The Window is the fascinating new album of jazz standards by vocalist, Cécile McLorin Salvant, accompanied by pianist, Sullivan Fortner. The pair won a Grammy in 2017 for a song they recorded together from Salvant’s last album, so it was only logical that they explored the full potential of their collaboration for this new project.
Standards (particularly ones drawn from the Great American Songbook) often present a problem to jazz listeners. On one hand, they’re pieces of history, wonderful songs, and an incredibly useful educational tool for musicians wishing to learn the language of jazz and the bread and butter of improvisation. On the other hand, standards are often a sign that the elder statesmen of the genre are coming to the end of their careers; a frantic, nostalgic grasp at an imagined heyday of jazz (before these nutty youngsters started mucking about with electricity and atonality). There’s always a worry that when musicians set out to put their own stamp on the standards, that they’ll be held back by an overcautious sense of deference and reverence. Often, these songs follow similar formulae to one another, inviting musicians to explore the beauty of their melodies by straying from them. Unfortunately, this invitation is more often than not ignored.
With that ideological struggle in mind, it’s hard to get excited when a musician announces a project comprised mostly of tunes from the Great American Songbook. One of the few musicians that arouses intrigue and excitement in this particular subgenre of jazz is Cécile McLorin Salvant. She has the ability to deftly navigate the intricacies of the original songs and explore them to the very edges of expressive intention, without ever losing the aesthetic warmth of more traditional performances from the likes of Ella Fitzgerald and Billie Holiday.
Across The Window’s 17 tracks, Salvant and Fortner play with the fundamental meanings of each song by messing with our expectations of what the harmony, texture and timbre of these tunes should be. Despite the consistent instrumentation and musical origins of these pieces, there’s no uniformity here, meaning that in spite of the number of tracks and lengthy run-time, the record never gets tiresome. Tracks that appear unremarkable or ordinary often take significant, riveting harmonic detours. Richard Rogers’ ‘The Sweetest Sounds’ is one such example where the entire latter half of the track is a winding, harmonic journey in the form of a wonderfully complex Fortner piano solo. The subsequent track, ‘Ever Since the One I Love’s Been Gone’ sees Salvant employing an enormous range of vocal techniques, which have an astounding effect on the overall timbre of the tune. Fortner supplements the experience by organically and intuitively reacting to her every move with subtle, and not-so-subtle reharmonisations. The duo’s interplay is astonishing.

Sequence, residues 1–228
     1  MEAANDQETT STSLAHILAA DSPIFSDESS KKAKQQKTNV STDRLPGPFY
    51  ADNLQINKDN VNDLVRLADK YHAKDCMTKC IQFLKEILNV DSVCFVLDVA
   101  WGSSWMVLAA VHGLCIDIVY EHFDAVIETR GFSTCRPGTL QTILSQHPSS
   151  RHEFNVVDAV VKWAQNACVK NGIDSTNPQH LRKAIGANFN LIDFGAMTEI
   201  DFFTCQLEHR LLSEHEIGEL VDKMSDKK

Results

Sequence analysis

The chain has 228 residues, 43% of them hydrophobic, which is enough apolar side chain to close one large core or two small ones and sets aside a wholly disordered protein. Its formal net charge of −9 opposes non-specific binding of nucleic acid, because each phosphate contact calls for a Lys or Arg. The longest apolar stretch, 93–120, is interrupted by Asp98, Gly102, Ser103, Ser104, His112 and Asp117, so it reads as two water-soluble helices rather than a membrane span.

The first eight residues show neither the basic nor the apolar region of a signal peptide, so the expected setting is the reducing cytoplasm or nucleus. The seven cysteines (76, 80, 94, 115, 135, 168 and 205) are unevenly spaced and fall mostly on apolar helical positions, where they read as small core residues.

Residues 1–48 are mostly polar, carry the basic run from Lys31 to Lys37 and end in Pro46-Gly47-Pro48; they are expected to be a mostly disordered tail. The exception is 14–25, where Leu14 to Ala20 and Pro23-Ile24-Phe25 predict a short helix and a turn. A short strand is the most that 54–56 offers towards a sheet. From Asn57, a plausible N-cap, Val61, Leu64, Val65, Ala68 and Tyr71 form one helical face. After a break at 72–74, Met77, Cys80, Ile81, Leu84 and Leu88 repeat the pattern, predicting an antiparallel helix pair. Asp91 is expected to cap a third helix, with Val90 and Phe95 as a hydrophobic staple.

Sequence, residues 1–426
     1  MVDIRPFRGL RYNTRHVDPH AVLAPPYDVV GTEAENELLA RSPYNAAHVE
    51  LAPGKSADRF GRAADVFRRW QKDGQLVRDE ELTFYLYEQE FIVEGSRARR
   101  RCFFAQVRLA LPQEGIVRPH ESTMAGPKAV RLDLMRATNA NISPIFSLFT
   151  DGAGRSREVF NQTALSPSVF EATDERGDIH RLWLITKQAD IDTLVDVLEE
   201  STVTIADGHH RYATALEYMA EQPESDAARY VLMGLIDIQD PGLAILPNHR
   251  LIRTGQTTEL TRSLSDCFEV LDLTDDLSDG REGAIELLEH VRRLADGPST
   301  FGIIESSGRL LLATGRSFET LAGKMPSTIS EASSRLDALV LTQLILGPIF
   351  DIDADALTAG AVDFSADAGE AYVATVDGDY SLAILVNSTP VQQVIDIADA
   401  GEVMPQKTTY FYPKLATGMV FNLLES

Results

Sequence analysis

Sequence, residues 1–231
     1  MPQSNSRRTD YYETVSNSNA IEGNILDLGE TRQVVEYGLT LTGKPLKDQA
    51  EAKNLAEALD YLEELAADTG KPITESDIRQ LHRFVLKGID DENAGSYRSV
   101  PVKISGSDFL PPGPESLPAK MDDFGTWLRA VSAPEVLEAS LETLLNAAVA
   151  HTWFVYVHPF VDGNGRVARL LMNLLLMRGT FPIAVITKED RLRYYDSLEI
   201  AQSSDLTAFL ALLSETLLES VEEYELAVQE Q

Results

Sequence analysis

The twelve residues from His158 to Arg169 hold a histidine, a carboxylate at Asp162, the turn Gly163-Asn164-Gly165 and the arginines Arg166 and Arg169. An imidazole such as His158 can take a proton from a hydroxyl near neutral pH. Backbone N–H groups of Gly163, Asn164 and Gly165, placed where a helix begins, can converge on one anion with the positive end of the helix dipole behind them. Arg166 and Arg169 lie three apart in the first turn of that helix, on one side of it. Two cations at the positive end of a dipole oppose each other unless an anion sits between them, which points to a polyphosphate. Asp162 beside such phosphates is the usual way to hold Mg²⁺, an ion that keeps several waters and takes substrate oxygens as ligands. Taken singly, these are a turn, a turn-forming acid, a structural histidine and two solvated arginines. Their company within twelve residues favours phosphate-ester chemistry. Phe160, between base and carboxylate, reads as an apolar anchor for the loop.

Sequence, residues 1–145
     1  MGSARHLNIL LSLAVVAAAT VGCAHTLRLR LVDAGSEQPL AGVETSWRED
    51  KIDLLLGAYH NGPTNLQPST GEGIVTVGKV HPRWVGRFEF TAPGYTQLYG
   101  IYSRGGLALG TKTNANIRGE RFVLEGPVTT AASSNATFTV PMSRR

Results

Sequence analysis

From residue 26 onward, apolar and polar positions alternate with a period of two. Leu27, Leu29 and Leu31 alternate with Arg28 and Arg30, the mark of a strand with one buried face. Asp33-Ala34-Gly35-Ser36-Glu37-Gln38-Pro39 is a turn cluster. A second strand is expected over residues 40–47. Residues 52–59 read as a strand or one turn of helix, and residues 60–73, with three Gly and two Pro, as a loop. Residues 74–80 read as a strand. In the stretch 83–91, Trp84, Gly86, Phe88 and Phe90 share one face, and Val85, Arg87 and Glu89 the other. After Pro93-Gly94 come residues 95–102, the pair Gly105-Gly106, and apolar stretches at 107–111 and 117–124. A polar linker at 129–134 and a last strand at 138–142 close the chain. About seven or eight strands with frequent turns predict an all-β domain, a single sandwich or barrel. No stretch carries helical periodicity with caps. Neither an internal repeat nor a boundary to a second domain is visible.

Salvant’s virtuosity as a vocalist and as a listener is at its most effective on the Ray Rasch and Dorothy Wayne song, ‘Wild Is Love’. Here, Fortner’s piano playing is skeletal and harmonically fragmented, so while Salvant is singing the melody, she has the dual function of acting as the harmonic centre for the song while Fortner explores a range of ideas around her. The result is wonderfully esoteric, challenging the listener to pick out the most important ideas, and to listen for the moments where piano and voice converge.
With an album of reinterpretations of iconic songs, there’s always a worry that the artist will go too far – that they’ll play and experiment to the point where the power of the original song will be lost – or they’ll not go far enough, leaving listeners wondering what the point of them recording this piece was. The music from Leonard Bernstein’s West Side Story presents this problem most significantly, but thankfully, Salvant has a track record for powerful reimaginings of songs from the legendary musical. Her rendition of ‘Something’s Coming’ on her 2015 album, For One to Love, is thoughtful and original, so it’s no surprise that her version of ‘Somewhere’ on The Window is equally so. It opens with a beautiful piano overture, before Salvant’s dynamic, somewhat deranged vocals enter. She captures the desperation of the original song that most covers neglect with her almost aggressive vocal slides and raspy lower register, supported by quietly dissonant accompaniment from Fortner.
The record closes with an expansive, swirling performance of Norma Winstone’s ‘The Peacocks’. The stark contrast between Fortner’s repetitive, cyclic piano movements and Salvants free flowing vocal melody is made even more strikingly beautiful by the contributions of tenor saxophonist, Melissa Aldana, whose breathy tone adds to the cold, windy aesthetic of the piece. It’s a beautifully contemplative way to end such an unexpectedly diverse record.
The Window, while not being consistently marketed as such, is a true collaborative effort (although, to her credit, Salvant hasn’t once mentioned this record without name-checking Fortner, despite the record label neglecting to do so). The two musicians have crafted genuinely original approaches to a collection of songs that for many other musicians would be utterly beyond their creative reach. The chemistry of the duo and their clear love and appreciation for the source material brings an authenticity to their relentless exploration and boundary pushing. This is how you do standards.